Wrong. One passionate Ryan fan bought the jockstrap from Ryan’s seventh no-hitter back in 1991 for $25,000. Someone, some super fan with a lot of liquid assets, opted to spend $25,000 for Ryan’s most intimate article of clothing. Guess that fan could hold his jockstrap…
David Ortiz’s Beard Clippings
Baseball fans are crazy. They have strange obsessions with their favorite players who have strange superstitions. The common theme here is baseball players and that adoring fans are a bit eccentric. That peculiar passion was on full display back in 2013 when a Red Sox fan decided to spend $10,877.77 on beloved Red Sox slugger David Ortiz’s beard clipping.
Ortiz was one of baseball’s most recognizable characters, thanks to his shapely beard, big personality, and even bigger ability to come through in the clutch. Along with the beard clippings, the auction included the razor used to shave down baseball’s best beard and an autograph.
The FA Cup Trophy
Soccer in Europe is a religion. And that religion is seemingly fueled by a never-ending cycle of tournaments. One of those tournaments is England’s FA Cup, which is the oldest national football competition in the world. Not to be confused with the most prestigious. The FA Cup pits virtually anyone with two legs and a pair of cleats against each other. The tournament began in 1871, with its original trophy getting stolen.
Following the heist, a replica trophy was introduced in 1896 as a replacement. In 1911, the original trophy design was replaced by the design that is currently in use today. Thus, the 1896 replica of the original is the oldest surviving FA Cup trophy, and the only one to go on sale. In 2005, the trophy was auctioned off for $620,000.
Babe Ruth’s 1927 World Series Ring
They say winning is priceless. That may be true, but the associated rings and jewelry that champions receive after winning definitely has a price, and a large one at that. Babe Ruth capped off his historic 1927 season with a World Series victory. He also got a World Series ring. Although the rings back then were smaller, less flashy, and less valuable, they were still pretty impressive.
They, like a fine wine, also grew more valuable with age. In 2017, Babe Ruth’s World Series ring, which was owned by Charlie Sheen, was auctioned off for $2,093,927. That sum, at the time, was more than four times the prior record for a sports ring auctioned off.
Tom Seaver’s Used Toothpick
One of only two players in the Baseball Hall of Fame to don a Mets cap, former pitcher and 12-time All-Star was an absolute monster on the mound. Seaver won one World Series and was a first-ballot Hall of Famer back in 1992.
That same year, an unidentified buyer bought a used toothpick from the Mets and Reds legend for $440, about $800 today thanks to inflation. Rumor has it Seaver found the toothpick in his warm-up jacket and knew there would be some crazed baseball fan willing to shell out a pretty penny for it. Look for Seaver’s floss to make the auction list next.
Rules of Baseball
To an outsider, baseball is probably thought of as a complicated, slow game. Or is that American football? Either way, baseball is not as simple or natural as other games, at least from a distance. In 1856, Daniel Lucius “Doc” Adams defined how the game was to be played.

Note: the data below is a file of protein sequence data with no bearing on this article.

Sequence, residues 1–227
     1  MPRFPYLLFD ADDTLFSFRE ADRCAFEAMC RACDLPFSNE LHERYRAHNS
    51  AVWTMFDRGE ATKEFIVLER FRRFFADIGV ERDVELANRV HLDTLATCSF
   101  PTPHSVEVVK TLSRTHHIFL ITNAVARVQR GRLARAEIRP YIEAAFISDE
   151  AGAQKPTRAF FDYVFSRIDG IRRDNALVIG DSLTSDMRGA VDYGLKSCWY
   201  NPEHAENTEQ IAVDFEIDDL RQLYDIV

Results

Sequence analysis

The original rules outlined everything we know and love, including the beloved home run. At a 2016 auction, the Laws of Base Ball sold for $3.26 million, then the third-most for a piece of sports memorabilia. The buyer of the expensive set of rules that dictates the many intricacies that make up baseball opted to remain anonymous.
Julius Erving’s ABA Championship Ring
Remember when the Nets were relevant and successful? Neither do we. Sports historians may remember, though. Back in 1974, the New York Nets ruled the ABA, thanks to Julius “Dr. J” Erving’s high-flying ability. That was the first of two ABA Championships for Dr. J.
In the NBA, Irving would replicate his ABA success and won the 1983 NBA Finals with the Sixers. After retiring, Irving began selling off some of his most valuable memorabilia. The reason was partly altruistic, with Irving wanting to donate some of the proceeds to charity. One of the items he sold off was his 1974 championship ring, which fetched $460,471.
Babe Ruth’s 1919 Contract That Made Him A Yankee
We mentioned Babe Ruth’s last contract with the Boston Red Sox. On the flip side of that was the new contract that made him a Yankee. After the disappointing 1919 season, Red Sox owner Harry Frazee sold Ruth to the Yankees for $100,000. Frazee also received a $300,000 loan from the Yankees for a mortgage on Fenway Park. Once that trade went through, the curse went live.
The Yankees would go onto win 26 World Series while the Red Sox kept losing in heartbreaking fashion. In 2004 the Red Sox finally won the World Series, 86 years after their last victory in 1918. The contract fetched $996,000 at an auction in 2005 and has yet to be sold at more recent auctions. To date, one of the largest bids for the piece of paper was $5 million, which was somehow rejected by the owner.
Michael Jordan’s Shoes from the 1984 Olympic
Michael Jordan had an amazing rookie season. In fact, his 1984 year was amazing all together. Before being taken third overall in the 1984 NBA Draft, Jordan starred in the Olympics. At the time, the Olympics was strictly an amateur-only event, which meant Jordan, still at UNC, was eligible to play.